- The tight binding of mobile software to mobile hardware. The fixed web thrived by iterating fast in software (new browsers, etc). Until recently most mobile devices couldn’t do this, leaving us with an installed base of buggy or outdated devices.
- Creating an interface which can be altered by the user and saved based on the user’s needs. Larger text and voice-enabling for visually challenged users. Re-arranging sections into a different order.
- Today the user is at the centre of UX – but tomorrow that will be different. Suggesting alternatives is a very interesting area. Finding the next thing thing to put at the centre of the UE/UX is the big question.
- Empathy – understanding people.
- Politics. Silos in organisation. Silos in disciplines.
- Lack of UI and coding standards across handsets and platforms.
- Device fragmentation.
What do you think? Please add your own ideas to the MEX blog.
It has never been more important for companies all throughout the mobile value chain to genuinely understand users and translate that knowledge into better, more profitable mobile products. That is what will be driving the agenda at the 2009 MEX Mobile User Experience Conference on 19th – 20th May, with 100 of the industry’s most creative thinkers gathering to develop a collaborative response to the 8 point MEX Manifesto over 2 days.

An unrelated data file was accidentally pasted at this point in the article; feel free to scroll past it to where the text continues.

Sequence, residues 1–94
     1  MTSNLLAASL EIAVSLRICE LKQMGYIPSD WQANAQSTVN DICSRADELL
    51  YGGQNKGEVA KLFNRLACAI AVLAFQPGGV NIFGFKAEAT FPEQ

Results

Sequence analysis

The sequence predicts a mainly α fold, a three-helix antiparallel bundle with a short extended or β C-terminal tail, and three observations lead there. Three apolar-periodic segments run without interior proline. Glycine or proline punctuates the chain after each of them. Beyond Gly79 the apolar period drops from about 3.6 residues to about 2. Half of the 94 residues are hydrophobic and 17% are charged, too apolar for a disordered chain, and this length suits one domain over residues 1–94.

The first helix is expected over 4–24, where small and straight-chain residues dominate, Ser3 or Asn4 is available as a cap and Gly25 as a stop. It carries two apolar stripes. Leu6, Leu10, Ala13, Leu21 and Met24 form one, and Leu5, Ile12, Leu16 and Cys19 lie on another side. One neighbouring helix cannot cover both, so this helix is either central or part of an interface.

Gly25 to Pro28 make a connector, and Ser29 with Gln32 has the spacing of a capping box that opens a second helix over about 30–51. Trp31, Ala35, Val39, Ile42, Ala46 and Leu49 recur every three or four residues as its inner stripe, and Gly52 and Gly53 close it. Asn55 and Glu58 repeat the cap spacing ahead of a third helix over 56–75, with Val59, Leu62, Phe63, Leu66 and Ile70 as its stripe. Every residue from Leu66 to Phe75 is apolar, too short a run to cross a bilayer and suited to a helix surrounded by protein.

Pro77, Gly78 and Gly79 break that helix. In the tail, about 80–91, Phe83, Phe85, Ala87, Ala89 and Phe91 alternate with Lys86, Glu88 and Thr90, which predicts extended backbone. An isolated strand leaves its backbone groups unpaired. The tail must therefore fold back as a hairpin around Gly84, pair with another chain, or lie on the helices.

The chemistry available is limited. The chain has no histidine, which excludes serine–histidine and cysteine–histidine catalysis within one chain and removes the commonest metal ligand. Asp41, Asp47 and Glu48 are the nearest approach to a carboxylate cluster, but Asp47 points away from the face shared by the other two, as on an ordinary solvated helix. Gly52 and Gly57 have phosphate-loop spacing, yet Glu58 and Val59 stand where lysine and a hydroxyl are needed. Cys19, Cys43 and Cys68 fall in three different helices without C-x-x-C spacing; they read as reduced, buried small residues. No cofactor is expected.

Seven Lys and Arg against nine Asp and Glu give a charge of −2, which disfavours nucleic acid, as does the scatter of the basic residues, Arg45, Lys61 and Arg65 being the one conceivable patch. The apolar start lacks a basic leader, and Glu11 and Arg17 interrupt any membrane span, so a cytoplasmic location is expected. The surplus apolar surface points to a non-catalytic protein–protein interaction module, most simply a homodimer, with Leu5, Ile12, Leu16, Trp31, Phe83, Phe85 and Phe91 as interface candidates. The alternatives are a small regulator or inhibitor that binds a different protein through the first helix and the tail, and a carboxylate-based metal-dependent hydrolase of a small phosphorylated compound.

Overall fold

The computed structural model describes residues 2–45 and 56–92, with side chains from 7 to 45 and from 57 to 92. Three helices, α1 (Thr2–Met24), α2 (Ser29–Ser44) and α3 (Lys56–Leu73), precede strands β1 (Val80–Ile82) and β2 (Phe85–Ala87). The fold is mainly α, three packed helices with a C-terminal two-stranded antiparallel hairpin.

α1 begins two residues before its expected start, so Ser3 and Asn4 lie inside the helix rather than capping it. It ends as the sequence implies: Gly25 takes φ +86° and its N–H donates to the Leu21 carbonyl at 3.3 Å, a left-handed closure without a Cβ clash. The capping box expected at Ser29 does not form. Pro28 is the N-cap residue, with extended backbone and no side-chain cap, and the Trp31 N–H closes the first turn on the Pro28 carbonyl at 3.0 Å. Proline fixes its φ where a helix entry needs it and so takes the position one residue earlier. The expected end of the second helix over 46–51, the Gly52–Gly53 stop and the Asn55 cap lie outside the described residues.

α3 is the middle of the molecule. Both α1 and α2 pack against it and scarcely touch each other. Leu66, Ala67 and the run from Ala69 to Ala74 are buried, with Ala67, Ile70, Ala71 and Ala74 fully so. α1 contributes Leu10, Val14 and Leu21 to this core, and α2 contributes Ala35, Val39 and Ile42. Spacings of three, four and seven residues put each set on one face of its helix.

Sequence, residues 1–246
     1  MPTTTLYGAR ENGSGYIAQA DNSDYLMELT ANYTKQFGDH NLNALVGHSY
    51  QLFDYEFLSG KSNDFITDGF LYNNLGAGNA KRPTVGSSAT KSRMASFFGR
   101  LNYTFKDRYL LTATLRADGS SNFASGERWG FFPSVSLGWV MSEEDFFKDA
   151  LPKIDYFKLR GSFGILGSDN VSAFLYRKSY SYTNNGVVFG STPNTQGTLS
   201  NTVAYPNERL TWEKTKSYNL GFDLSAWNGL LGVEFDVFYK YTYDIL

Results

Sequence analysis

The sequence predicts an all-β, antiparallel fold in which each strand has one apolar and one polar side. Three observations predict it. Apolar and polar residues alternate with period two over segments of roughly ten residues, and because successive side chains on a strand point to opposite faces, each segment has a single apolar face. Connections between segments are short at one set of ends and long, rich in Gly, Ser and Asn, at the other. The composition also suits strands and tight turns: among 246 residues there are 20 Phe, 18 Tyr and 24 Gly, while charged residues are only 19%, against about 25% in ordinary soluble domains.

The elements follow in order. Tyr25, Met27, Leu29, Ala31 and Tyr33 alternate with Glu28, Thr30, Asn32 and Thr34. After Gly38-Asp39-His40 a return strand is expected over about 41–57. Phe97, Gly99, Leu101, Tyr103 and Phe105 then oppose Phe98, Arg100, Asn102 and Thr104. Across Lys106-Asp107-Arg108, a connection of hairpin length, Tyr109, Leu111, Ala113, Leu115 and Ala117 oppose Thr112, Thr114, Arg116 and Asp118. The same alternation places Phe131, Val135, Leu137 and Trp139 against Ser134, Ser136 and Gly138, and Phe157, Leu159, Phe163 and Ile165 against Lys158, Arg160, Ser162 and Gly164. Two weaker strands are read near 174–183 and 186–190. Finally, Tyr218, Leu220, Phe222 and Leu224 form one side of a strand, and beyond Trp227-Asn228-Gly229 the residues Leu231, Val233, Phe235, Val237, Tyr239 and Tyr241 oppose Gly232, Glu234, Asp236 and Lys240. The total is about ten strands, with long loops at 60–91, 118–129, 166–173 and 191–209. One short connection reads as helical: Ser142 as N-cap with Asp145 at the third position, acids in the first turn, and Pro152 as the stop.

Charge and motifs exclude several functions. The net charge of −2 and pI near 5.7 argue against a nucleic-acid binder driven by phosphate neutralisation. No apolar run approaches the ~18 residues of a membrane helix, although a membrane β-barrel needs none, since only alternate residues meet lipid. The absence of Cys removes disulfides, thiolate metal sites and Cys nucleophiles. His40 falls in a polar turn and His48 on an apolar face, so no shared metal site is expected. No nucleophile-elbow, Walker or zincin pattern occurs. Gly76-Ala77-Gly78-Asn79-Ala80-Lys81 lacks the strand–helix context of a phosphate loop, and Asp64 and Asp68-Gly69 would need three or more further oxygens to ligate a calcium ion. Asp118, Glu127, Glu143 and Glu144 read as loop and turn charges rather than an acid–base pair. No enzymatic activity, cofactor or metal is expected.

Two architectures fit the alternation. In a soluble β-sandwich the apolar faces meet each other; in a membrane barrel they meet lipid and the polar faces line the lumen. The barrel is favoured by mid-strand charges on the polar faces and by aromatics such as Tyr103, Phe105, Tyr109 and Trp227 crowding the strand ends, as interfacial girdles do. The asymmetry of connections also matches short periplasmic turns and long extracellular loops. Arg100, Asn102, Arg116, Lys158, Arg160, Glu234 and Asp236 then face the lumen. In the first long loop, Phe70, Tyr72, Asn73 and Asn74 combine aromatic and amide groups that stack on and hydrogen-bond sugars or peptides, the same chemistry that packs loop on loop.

I hope you’ll join us by registering for the event. We have just 21 places remaining out of the 100 seats available. Register today to guarantee your place (passes are priced at GBP 1499).
Lots of interesting insights here. Good stuff.
I’d love to hear more opinions on this from mobile designers. Please add your answers to the question as a comment on the blog.
“Today the user is at the centre of UX – but tomorrow that will be different.”
What does that mean? Really unclear what is meant by this statement — how can users NOT be at the center of user experience?
[…] list. Please feel free to add your own comments to this article. You may also like to check out the article on last week’s outreach, which posed a similar question to the mobile design […]